Southeast Anatolia Development Project

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The Southeast Anatolia Development Project (GAP is the Turkish acronym) has given a sense of urgency to resolving allocation issues on the Euphrates. GAP is a massive undertaking for energy and agricultural development that, when completed, will include the construction of 21 dams and 19 hydroelectric plants on both the Tigris and the Euphrates. 1.65 million ha of land are to be irrigated and 26 billion kWh will be generated annually with an installed capacity of 7,500 MW. If completed as planned, GAP could significantly reduce downstream water quantity and quality.[1]

Turkey’s ongoing GAP project (South Eastern Anatolia Project): The hydroelectric and irrigation project, originating back in 1989, is nearing completion. As of 2008, 15 out of the 22 proposed dams were complete, with water holding capacity for approximately 50% of the envisioned agricultural investment (although only 15% of that is being utilized as of 2008). Turkey views the GAP project as a way to revitalize the south-east region of the country through both agricultural exports and hydroelectric power generation. The increased use of the water from the Euphrates has so far been effective to start alleviating the pressure placed on the region from the 2007 drought, but it is simultaneously causing tensions with downriver neighbors who are receiving less than their expected share of water.[2]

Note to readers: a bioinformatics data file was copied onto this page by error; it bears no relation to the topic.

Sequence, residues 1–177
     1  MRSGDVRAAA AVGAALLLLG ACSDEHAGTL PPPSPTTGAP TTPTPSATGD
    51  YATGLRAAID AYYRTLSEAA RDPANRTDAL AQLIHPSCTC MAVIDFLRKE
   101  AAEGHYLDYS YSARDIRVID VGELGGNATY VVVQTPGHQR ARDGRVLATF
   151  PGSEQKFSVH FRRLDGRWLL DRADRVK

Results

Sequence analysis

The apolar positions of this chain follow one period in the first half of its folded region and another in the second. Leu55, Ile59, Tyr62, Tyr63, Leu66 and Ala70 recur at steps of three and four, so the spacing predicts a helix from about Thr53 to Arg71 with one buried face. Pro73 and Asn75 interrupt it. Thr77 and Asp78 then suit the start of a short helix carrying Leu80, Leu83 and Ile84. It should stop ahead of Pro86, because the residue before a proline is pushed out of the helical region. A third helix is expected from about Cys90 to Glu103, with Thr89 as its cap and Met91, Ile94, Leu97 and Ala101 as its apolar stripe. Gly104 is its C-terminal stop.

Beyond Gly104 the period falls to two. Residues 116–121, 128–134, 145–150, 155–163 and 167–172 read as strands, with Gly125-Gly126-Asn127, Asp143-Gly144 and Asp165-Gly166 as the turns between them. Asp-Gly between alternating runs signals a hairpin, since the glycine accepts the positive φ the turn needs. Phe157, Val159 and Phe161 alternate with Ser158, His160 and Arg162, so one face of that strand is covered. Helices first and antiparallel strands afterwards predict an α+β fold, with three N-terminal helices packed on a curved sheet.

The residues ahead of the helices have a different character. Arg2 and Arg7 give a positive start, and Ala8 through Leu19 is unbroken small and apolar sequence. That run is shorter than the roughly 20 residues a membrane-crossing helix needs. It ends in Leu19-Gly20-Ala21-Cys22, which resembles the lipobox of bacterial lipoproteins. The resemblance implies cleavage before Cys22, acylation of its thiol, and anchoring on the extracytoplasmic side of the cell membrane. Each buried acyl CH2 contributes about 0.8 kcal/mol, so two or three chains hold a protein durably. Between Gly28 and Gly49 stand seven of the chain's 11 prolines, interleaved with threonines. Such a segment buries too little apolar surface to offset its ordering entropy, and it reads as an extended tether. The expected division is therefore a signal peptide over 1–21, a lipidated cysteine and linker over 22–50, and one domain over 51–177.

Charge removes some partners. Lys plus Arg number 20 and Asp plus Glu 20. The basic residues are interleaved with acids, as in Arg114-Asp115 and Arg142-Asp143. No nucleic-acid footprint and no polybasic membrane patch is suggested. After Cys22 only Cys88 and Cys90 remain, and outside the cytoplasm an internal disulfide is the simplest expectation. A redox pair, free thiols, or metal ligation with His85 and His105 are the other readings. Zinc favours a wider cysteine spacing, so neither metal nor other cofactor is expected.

Turkey (Basin: Upper Tigris Basin (Turkey))

Described as:

- Dam
- Irrigation
- Hydropower

  1. ^ Product of the Transboundary Freshwater Dispute Database, Department of Geosciences, Oregon State University. Additional information about the TFDD can be found at:
  2. ^ GAP Project. Accessed 7/20/2013

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